Industrial Action

Part of the debate – in the House of Commons at 1:08 pm on 10 January 2023.

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Photo of Grant Shapps Grant Shapps The Secretary of State for Business, Energy and Industrial Strategy 1:08, 10 January 2023

With permission, Mr Speaker, I would like to make a statement on industrial action and minimum service levels.

Nurses, paramedics and transport workers are called key workers for a reason. They truly are the lifeblood of this country; every person sitting in this Chamber is grateful for the work they do and I know everyone will agree that we cannot do without them. The Government will always defend their ability to withdraw their labour.

However, we also recognise the pressures faced by those working in the public sector. Yesterday I invited union leaders in for talks across Government, and I am pleased to say we have seen some progress. We want to resolve disputes where possible, while also delivering what is fair and reasonable to the taxpayer. At the moment, all households are struggling with the repercussions of high inflation caused by covid and Putin’s barbaric invasion of Ukraine, and the Government are absolutely focused on tackling that.

Granting inflation-busting pay deals that step outside of the independent pay review settlement process is not the sensible way to proceed and will not provide a fair outcome. We will instead continue to consult to find meaningful ways forward for the unions, and work with employers to improve the process and discuss the evidence that we have now submitted. In the meantime, the Government also have a duty to protect the public’s access to essential public services. Although we absolutely believe in the right to strike, we are duty-bound to protect the lives and livelihoods of the British people.

The British people need to know that when they have a heart attack, a stroke or a serious injury, an ambulance will turn up, and that if they need hospital care, they have access to it. They need to know not only that those services are available, but that they can get trains or buses—particularly people who are most likely to be the least well-off in society.

I thank those at the Royal College of Nursing, who, during their last strike, worked with health officials at a national level to ensure that safe levels of cover were in place when they took industrial action. They kept services such as emergency and acute care running. They may have disagreed, but they showed that they could do their protest and withdraw their labour in a reasonable and mature way. As ever, they put the public first, and we need all our public services to do the same.

A lack of timely co-operation from the ambulance unions meant that employers could not reach agreement nationally for minimum safety levels during recent strikes. Health officials were left guessing the likely minimum coverage, making contingency planning almost impossible and putting all our constituents’ lives at risk. The ambulance strikes planned for tomorrow still do not have minimum safety levels in place. That will result in patchy emergency care for British people. This cannot continue.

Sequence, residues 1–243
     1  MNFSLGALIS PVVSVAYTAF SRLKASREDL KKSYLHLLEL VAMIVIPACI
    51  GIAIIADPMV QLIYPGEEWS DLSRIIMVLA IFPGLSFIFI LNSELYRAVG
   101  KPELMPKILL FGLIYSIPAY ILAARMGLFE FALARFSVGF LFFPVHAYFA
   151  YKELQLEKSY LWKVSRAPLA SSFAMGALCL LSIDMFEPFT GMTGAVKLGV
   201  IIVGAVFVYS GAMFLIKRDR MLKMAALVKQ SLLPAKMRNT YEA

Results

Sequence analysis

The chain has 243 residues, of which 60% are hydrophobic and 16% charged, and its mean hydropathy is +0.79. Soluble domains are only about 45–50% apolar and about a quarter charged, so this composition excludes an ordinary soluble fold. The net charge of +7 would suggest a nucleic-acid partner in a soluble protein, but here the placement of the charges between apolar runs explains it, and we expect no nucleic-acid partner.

It is for moments such as this that we are introducing legislation focusing on blue-light emergency services and on delivering on our manifesto commitment to secure minimum service on the railways. I am introducing a Bill that will give the Government the power to ensure that vital public services will have to maintain a basic function, by delivering minimum safety levels to ensure that lives and livelihoods are not lost. We are looking at six key areas, each of which is critical to keeping the British people safe and society functioning: health, education, fire and rescue, transport, border security and nuclear decommissioning. We do not want to use this legislation, but we must ensure the safety of the British public. During the passage of the Bill, we intend to consult on what an adequate level of coverage looks like in fire, ambulance, and rail services. For the other sectors covered in the Bill, we hope to reach minimum service agreements so that we do not have to use the powers—sectors will be able to come to that position, just as the nurses have done in recent strikes.

That is a common-sense approach, and we are not the first to follow it. The legislation will bring us in line with other modern European countries such as France, Spain, Italy and Germany, all of which already have these types of rules in place. Even the International Labour Organisation—the guardian of workers’ rights around the world to which the TUC itself subscribes—says that minimum service levels are a proportionate way of balancing the right to strike with the need to protect the wider public. The first job of any Government is to keep the public safe, and unlike other countries, we are not proposing to ban strikes, but we do need to know that unions will be held to account.

Opposition Members who object to minimum safety levels will need to explain to their constituents why, if they had a heart attack, stroke, or life-threatening illness on a strike day, there were no minimum safety standards in place—[Interruption.] I can see that they do not want to hear it, but they will also need to explain why their leader, Keir Starmer, has already promised—without hearing any of these details—to stand in the way of this legislation and to repeal minimum safety levels, which are in the interests of their constituents, are in place in every other mature European democracy and neighbouring country, and would protect lives and livelihoods in this country. That is the difference between a Conservative Government who take difficult decisions to protect the welfare of our nation, and the Opposition, who too often appear to be in the pay of their union paymasters. I commend this statement to the House.